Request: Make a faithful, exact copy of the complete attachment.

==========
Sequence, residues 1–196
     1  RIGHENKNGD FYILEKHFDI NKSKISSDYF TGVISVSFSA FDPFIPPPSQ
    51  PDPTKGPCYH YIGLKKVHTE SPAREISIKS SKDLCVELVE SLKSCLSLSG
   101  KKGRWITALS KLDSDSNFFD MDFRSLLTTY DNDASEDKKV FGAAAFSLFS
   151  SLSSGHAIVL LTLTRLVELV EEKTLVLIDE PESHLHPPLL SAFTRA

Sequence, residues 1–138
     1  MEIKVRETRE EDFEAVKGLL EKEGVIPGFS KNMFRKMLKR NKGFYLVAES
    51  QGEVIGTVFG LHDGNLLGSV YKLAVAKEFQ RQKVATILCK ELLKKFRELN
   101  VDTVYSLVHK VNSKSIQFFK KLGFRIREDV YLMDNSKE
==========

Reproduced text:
Sequence, residues 1–196
     1  RIGHENKNGD FYILEKHFDI NKSKISSDYF TGVISVSFSA FDPFIPPPSQ
    51  PDPTKGPCYH YIGLKKVHTE SPAREISIKS SKDLCVELVE SLKSCLSLSG
   101  KKGRWITALS KLDSDSNFFD MDFRSLLTTY DNDASEDKKV FGAAAFSLFS
   151  SLSSGHAIVL LTLTRLVELV EEKTLVLIDE PESHLHPPLL SAFTRA

Sequence, residues 1–138
     1  MEIKVRETRE EDFEAVKGLL EKEGVIPGFS KNMFRKMLKR NKGFYLVAES
    51  QGEVIGTVFG LHDGNLLGSV YKLAVAKEFQ RQKVATILCK ELLKKFRELN
   101  VDTVYSLVHK VNSKSIQFFK KLGFRIREDV YLMDNSKE